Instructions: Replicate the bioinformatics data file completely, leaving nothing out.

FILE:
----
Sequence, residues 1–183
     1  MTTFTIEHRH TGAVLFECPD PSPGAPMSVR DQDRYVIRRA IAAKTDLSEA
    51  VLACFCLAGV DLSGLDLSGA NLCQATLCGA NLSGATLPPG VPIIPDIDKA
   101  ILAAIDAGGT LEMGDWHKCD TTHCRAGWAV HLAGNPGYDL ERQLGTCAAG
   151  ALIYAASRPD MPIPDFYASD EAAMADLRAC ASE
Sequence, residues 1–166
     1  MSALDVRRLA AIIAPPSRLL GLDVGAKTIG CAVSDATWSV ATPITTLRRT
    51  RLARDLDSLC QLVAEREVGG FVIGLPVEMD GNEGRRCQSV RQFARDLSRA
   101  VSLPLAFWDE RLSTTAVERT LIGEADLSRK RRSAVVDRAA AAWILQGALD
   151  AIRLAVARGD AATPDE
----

Sequence, residues 1–183
     1  MTTFTIEHRH TGAVLFECPD PSPGAPMSVR DQDRYVIRRA IAAKTDLSEA
    51  VLACFCLAGV DLSGLDLSGA NLCQATLCGA NLSGATLPPG VPIIPDIDKA
   101  ILAAIDAGGT LEMGDWHKCD TTHCRAGWAV HLAGNPGYDL ERQLGTCAAG
   151  ALIYAASRPD MPIPDFYASD EAAMADLRAC ASE
Sequence, residues 1–166
     1  MSALDVRRLA AIIAPPSRLL GLDVGAKTIG CAVSDATWSV ATPITTLRRT
    51  RLARDLDSLC QLVAEREVGG FVIGLPVEMD GNEGRRCQSV RQFARDLSRA
   101  VSLPLAFWDE RLSTTAVERT LIGEADLSRK RRSAVVDRAA AAWILQGALD
   151  AIRLAVARGD AATPDE